With all of these different types of fraud and exploitation out there, I had to find out who is committing these crimes. I did not have to look very far before I found a CBS News article listing the top three ways that elderly adults are being exploited. The main culprits are family members who re-route money to benefit themselves, caregivers who do the same thing, and strangers perpetrating other types of financial deception. In my grandmother’s case, it was a trusted financial advisor, and the fraud was not exposed for nearly ten years. It is important to remember, these crimes can be committed by anyone, so we need to help our loved ones by communicating with them frequently about money, and how they can avoid being targeted for scams.

According to the Washington Post (Singletary, 2012), over seven million adults over the age of 65 have been victimized by some type of financial exploitation, and there are ways you can help make sure your loved ones do not become one of them. Perhaps the simplest thing you can do is to stay in regular, frequent communication with elderly relatives; CBS News suggests that you go together to a workshop or program on finances at the senior center. You may offer to look over monthly bank statements, to help look for hidden charges that may not be legitimate, or to assist them in setting up electronic bill-paying services through their bank. CBS News reports that many elderly adults fall victim to fraud and scams because they are lonely and feeling isolated, so it may be as simple as visiting them frequently. In doing this, you will also be able to pick up on other red flags, such as incessant phone calls from telemarketers, or a sudden accumulation of unnecessary purchases in their home. If you live far away from your relative, you could arrange for a trusted friend to visit when you cannot.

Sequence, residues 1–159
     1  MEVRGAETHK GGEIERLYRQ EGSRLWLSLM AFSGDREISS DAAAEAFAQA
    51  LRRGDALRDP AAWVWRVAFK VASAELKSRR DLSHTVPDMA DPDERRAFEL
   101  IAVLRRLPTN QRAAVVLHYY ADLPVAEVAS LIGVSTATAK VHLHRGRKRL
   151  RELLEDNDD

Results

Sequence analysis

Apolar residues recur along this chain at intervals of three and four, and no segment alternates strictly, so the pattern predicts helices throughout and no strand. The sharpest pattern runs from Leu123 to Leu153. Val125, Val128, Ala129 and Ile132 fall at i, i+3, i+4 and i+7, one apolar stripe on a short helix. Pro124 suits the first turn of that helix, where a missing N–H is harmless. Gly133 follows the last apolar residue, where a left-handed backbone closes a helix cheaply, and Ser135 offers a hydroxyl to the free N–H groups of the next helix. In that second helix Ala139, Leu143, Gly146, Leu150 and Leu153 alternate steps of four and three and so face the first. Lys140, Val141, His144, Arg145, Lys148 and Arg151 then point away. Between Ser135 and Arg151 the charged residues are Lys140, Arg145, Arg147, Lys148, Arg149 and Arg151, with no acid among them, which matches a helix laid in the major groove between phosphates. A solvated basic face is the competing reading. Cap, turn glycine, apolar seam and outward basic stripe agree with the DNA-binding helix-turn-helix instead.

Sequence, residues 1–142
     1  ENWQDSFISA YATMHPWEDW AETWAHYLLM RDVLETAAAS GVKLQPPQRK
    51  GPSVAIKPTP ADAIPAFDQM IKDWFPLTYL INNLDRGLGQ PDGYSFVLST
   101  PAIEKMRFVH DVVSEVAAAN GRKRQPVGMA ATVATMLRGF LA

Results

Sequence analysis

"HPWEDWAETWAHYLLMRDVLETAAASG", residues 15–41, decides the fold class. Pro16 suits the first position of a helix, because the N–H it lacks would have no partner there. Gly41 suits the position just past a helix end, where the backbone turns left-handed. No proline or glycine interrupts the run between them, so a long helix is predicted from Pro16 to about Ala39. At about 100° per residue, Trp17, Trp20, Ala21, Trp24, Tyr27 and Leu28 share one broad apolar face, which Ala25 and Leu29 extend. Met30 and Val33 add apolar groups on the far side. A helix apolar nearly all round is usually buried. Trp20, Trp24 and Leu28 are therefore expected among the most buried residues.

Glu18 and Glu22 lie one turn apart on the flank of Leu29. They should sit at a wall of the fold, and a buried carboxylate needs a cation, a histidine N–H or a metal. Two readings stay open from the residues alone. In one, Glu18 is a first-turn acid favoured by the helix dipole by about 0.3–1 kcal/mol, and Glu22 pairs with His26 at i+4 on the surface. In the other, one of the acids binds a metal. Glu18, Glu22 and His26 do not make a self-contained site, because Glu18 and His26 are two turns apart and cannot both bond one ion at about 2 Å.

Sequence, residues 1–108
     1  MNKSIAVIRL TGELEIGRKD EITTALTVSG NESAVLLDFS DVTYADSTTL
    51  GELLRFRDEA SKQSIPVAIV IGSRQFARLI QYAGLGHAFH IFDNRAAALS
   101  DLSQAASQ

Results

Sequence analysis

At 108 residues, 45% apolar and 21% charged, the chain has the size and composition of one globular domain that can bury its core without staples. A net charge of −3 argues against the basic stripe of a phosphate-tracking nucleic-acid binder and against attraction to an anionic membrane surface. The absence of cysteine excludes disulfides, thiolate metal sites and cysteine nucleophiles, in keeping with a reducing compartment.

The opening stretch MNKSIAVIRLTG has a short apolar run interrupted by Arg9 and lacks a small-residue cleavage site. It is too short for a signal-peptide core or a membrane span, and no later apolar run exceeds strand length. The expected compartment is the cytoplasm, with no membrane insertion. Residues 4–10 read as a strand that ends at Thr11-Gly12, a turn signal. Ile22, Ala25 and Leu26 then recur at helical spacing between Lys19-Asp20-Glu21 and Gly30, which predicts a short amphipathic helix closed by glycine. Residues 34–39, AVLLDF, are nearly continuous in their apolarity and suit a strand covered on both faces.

It is disturbing to think that people are targeting your elderly relatives in order to take their money, but it happens every day. The aging population is vulnerable to financial exploitation, but there are a lot of things we, as friends and family, can do to prevent it. The first thing we can do is to educate ourselves on the different types of scams out there, and pass on that education to our relatives, especially the ones who are vulnerable. It is sometimes important to get a second opinion, or to have another advisor review plans when setting up something like a trust or financial plan. It may cost a little more up front, but I cannot help thinking a step like that would have saved my grandmother a lot of money in the end. The most important thing we can do is to keep an open dialog with our aging family members, be supportive of them, and to know and act upon the red flags that signal financial exploitation.

Loneliness and Aging: The Cost Is High, But You Do Not Have To Pay